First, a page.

One of the contributing factors to the crime situation Mr Volney is the lack of enforcement of the relevant laws...people are committing crimes because they are not being prosecuted even for minor offences such as urinating in public?
Bathing by the stand pipe in Maraval is an offence! As children we had to run from the water police when we attempted to bathe under a standpipe.
Why is there this apparent lax in enforcing the laws of the land?
(Calming down) Well it broke down under the PNM.
Wait, you come back on the PNM's case again?
I have to. I must.
You are not on an election platform you know, Mr Minister?
I know that but unlike the Attorney General I am a politician and I will put blame where it properly lays. This whole thing broke down over the last ten years. Total disrespect.
You think it was deliberately done?
No. It was allowed to happen and no one put down their foot and said enough is enough and when you have a magistrate court system that is overburdened, when you have simple matters being adjourned every ten days to come back when there is no chance the matter being heard. One simple blow we made in that legislative intervention and we have freed up the hands of magistrates by as much has 30 per cent on their lists. And when the new PI legislation kicks in the magistrate will have as much as 40 to 50 per cent less work when they enter the court. So they will be able concentrate on all these matters like driving on the bus route without a PBR pass.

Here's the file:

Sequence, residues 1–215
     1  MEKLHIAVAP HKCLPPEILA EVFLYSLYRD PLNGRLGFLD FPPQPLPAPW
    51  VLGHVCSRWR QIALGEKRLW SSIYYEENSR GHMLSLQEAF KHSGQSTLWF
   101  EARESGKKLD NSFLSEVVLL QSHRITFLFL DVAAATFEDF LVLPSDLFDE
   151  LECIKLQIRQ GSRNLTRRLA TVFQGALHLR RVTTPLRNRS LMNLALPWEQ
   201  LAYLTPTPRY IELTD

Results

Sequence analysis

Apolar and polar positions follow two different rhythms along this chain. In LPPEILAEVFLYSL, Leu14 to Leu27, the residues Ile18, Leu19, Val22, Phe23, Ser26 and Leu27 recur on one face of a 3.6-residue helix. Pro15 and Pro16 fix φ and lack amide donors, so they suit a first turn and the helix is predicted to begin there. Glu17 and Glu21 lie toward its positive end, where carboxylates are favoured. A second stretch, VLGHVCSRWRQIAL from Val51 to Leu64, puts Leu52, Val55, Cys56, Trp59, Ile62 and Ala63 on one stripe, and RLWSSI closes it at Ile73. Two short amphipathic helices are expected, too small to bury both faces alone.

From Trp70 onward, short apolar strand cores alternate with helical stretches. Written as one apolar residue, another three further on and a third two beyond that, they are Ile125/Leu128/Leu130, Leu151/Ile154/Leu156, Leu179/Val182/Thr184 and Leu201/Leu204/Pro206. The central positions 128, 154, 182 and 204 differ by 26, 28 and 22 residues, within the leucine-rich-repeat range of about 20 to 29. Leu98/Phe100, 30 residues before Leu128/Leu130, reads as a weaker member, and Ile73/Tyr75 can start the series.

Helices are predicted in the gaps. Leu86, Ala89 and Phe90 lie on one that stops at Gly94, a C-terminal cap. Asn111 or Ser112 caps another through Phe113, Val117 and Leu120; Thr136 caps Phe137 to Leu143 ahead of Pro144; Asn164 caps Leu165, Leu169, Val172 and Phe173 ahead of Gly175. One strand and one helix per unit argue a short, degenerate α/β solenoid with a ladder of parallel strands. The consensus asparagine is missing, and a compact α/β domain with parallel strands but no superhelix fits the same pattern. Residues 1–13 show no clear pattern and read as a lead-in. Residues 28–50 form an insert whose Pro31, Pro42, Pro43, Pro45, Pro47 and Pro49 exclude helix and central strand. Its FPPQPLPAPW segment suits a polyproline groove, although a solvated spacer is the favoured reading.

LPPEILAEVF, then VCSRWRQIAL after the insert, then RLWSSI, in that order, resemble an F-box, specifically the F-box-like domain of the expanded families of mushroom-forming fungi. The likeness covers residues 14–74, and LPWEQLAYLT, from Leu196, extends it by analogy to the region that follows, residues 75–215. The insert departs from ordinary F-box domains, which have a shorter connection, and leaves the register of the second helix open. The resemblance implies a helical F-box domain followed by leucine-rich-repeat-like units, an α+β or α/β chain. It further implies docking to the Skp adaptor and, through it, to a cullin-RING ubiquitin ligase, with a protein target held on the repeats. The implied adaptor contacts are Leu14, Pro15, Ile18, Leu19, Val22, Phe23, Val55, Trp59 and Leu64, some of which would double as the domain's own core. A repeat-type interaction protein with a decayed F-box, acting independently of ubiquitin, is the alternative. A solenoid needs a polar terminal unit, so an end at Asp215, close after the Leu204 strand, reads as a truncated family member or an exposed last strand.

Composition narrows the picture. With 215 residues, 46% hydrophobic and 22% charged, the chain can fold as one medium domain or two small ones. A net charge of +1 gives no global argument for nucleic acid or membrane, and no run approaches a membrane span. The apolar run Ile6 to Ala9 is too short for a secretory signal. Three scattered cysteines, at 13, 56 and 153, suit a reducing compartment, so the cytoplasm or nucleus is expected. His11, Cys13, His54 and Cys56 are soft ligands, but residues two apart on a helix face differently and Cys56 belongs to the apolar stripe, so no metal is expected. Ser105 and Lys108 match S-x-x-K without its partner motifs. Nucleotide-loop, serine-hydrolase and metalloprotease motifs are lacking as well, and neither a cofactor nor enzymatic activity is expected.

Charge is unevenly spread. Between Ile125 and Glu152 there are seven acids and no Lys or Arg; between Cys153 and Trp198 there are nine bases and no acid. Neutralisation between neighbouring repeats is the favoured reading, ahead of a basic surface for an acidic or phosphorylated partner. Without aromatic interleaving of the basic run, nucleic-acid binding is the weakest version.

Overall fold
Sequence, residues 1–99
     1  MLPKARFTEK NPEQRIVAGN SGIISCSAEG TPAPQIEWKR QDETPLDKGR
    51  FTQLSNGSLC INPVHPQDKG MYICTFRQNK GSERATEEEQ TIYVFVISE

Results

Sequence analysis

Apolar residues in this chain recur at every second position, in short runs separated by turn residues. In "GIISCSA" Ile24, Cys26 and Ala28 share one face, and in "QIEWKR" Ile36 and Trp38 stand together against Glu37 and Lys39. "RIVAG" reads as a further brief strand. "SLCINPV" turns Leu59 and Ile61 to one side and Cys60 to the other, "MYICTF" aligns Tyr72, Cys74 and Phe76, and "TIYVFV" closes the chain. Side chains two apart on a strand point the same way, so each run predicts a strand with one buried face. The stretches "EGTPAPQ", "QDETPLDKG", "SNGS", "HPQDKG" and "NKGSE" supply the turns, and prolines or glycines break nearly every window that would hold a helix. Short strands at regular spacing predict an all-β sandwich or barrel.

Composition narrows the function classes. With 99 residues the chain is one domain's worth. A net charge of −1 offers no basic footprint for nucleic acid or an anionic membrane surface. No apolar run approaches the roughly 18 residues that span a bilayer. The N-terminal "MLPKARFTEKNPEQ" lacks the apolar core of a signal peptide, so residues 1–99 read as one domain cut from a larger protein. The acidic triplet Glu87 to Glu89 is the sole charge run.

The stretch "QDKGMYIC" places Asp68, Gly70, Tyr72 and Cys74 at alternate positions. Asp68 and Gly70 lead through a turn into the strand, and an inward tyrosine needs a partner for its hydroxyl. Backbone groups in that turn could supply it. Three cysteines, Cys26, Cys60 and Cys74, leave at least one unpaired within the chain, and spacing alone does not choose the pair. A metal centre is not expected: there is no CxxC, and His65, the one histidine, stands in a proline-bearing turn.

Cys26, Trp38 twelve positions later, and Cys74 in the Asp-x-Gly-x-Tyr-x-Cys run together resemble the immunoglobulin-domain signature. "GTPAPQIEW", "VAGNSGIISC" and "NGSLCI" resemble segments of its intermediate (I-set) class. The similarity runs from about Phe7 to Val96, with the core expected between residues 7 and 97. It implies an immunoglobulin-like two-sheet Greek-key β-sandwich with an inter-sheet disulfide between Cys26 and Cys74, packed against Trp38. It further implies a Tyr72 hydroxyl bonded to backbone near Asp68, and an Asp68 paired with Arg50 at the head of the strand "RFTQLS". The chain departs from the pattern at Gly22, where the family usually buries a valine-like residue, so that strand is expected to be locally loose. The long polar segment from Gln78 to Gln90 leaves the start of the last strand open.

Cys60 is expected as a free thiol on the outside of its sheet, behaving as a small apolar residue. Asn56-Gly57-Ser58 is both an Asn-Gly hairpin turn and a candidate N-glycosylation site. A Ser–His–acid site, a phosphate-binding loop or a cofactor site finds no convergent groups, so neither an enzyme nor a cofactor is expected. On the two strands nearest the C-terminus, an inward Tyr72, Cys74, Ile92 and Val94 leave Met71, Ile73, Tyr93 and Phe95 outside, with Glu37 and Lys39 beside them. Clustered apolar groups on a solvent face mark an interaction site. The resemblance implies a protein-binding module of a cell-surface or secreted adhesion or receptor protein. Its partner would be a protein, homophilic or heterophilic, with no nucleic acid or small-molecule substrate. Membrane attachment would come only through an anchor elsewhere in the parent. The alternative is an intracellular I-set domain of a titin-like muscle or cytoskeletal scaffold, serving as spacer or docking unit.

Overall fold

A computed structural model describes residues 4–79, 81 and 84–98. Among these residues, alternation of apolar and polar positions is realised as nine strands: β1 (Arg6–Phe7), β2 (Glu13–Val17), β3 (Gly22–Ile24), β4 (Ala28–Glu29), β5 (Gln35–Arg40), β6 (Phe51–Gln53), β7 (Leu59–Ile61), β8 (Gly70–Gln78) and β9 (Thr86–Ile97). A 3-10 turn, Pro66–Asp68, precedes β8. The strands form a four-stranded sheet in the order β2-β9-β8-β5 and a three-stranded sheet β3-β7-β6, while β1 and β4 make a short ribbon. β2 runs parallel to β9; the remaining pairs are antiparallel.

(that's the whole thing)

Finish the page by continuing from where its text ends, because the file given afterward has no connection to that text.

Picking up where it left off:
Mr Minister, how was the transition from the judiciary to being a minister of government?
I know what is required, I consult, and I have an excellent relationship with both the Chief Justice and the Attorney General.
It was a bit rocky at the beginning wasn’t it?